ACL tear Xs Dill out of Games |

ACL tear Xs Dill out of Games

Mike Dill knew something wasn’t right as soon as his body slammed to the ground. Preparing for the skier cross competition at this week’s Winter X Games, he hit the slopes last Friday for some final practice heats at Mammoth Mountain.

On the final bump of the run – and, unfortunately, his last of the day – Dill ran into trouble. He thought he had landed the routine jump correctly, but the anterior cruciate ligament in his right knee didn’t agree. In a matter of moments, Dill had gone from a return trip to Crested Butte as as X Games competitor to the nosebleed seats in front of his TV in South Lake Tahoe.

“I knew the moment I landed, there was nothing to hold up my (knee) anymore,” said Dill, who had planned to fly out to the ESPN-sponsored event Monday. “I’m totally devastated. I had 14 skier cross events lined up for this year, with several of them televised. With the increasing popularity of this sport, this is definitely not a good year to miss. I’m pretty bummed.”

Dill, who earned a fifth-place in skier X at the ’98 X Games, said he plans to have surgery Saturday to repair the damaged ligament. Local orthopedic surgeon Randy Watson will replace Dill’s torn ACL by binding a healthy cadaver ligament to the muscles in his knee in a procedure known as a cadaver allograft.

Other surgical alternatives include grafting tendons from the patient’s patella or hamstring. These procedures often result in a longer healing periods because a patient’s healthy tendons must recover along with the grafted knee ligament. The patellar and hamstring operations also frequently result in second – and sometimes third – surgeries to ensure proper regrowth. While a cadaver allograft may eliminate the need for a second surgery, it may be rejected by the patient’s body because of an incompatibility between the host bone and the foreign ligament.

Dill has been told by local physicians to expect at least four months before he can return the slopes, and estimated that will probably be November or December before he will be in competitive shape.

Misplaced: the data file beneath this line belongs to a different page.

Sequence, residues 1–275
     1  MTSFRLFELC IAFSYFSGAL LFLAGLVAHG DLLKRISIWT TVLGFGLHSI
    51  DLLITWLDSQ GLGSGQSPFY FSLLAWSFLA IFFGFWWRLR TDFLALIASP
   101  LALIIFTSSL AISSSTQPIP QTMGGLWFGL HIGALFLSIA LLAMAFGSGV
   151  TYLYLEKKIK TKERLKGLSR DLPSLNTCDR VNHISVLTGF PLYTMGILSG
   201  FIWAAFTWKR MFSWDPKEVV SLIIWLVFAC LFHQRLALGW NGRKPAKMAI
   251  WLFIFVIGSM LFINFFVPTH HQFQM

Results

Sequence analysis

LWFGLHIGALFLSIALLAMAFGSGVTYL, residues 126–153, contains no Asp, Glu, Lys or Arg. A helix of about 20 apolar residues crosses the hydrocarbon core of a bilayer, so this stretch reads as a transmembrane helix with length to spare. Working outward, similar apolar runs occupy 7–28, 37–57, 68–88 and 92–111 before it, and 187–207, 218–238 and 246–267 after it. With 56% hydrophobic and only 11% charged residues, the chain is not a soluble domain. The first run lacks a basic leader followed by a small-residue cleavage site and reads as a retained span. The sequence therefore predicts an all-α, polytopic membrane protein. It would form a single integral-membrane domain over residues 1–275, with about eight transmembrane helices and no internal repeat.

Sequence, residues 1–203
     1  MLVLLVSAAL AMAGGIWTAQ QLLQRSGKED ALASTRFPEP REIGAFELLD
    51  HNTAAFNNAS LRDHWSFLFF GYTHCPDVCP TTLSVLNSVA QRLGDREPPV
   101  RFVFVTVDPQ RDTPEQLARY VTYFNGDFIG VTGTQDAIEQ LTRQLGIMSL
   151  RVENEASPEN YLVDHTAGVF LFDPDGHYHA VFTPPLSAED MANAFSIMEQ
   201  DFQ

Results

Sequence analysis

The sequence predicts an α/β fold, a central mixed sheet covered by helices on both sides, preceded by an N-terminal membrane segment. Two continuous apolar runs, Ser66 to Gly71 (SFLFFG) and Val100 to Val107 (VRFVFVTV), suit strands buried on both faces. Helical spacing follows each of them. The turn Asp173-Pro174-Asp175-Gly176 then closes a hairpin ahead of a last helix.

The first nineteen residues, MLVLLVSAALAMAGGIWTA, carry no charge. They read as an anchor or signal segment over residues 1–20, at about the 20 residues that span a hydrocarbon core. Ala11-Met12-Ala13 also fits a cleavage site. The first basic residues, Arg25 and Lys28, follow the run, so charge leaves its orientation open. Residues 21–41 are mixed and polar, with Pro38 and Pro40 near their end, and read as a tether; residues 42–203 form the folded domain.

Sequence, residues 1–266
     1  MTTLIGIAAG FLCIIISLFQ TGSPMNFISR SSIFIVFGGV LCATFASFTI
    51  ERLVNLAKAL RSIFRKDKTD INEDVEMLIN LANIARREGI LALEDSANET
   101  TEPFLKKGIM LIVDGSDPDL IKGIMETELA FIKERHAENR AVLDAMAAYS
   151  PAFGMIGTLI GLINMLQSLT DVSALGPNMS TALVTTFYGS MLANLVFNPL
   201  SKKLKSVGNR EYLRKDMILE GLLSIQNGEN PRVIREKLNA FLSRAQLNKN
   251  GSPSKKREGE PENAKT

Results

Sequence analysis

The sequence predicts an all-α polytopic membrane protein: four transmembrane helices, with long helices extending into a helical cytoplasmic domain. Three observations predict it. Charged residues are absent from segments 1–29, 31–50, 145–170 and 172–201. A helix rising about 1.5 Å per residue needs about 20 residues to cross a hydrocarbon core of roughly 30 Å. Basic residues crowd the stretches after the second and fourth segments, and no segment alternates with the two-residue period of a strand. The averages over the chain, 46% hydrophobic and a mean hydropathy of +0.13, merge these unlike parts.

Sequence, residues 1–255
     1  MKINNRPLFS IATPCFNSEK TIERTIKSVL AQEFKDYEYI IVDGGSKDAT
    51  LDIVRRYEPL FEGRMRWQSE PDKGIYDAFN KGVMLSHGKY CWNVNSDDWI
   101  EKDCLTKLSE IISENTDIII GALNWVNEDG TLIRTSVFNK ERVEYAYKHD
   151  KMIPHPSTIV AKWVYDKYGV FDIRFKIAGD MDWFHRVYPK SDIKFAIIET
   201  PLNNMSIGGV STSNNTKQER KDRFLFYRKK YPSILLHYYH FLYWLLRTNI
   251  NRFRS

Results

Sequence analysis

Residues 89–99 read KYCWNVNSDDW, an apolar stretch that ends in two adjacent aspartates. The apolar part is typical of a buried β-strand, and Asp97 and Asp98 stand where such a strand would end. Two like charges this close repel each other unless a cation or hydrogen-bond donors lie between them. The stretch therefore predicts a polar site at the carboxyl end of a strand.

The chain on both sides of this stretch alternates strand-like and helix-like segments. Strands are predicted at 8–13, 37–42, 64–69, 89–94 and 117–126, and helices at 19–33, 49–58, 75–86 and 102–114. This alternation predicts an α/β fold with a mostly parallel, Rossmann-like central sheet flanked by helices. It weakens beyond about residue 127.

Dill said he has since contacted X Games officials “to make sure they don’t forget me,” and will likely be able to secure a spot in next year’s competition.

“I’ll be back,” said Dill, whose brother, John, will compete in the skier X in Crested Butte. “This is just making me pissed off more than anything. I think I will come back stronger because of it.”

Knee injuries are pretty common among skiers, especially in the skier cross, where racers’ limbs are often ravaged by a barrage of jumps, bumps, tight carves and dangerous terrain. The skier X also pits racers in six-person heats, often resulting in a free-for-all at the starting gate to see which competitor can ‘shoot the hole.’

Dill’s injury was not as bad as it could have been, however. His medial and lateral ligaments remain intact, and his meniscus does not appear to be torn.

The 34-year old skier seems to be taking the injury in stride. Given time to reflect, Dill has since waxed poetic in a collection of verses aptly titled, “Ode To My Knee”:

(Original text in italics)

Ode to my knee

It skied great since I was three

I just spoke with Robby T.

He is heading to the X-Games without me.

Ode to my knee

It was fine while I was going 60

I hit that last jump

It seemed like a small bump

I was just a little back

It was gone in a snap

Ode to my knee

Oh, it’s blown, I can see

Heard that noise confirming the worst

Racing with the boyz, sometimes it’s a curse

Ode to my knee

I’m glad it was the right

Good thing I’m left-footed

Or I would really be uptight

Dr. Watson is my new best friend

He will make it good again

Ode to my knee.

– Mike Dill, “X-Guy 99”

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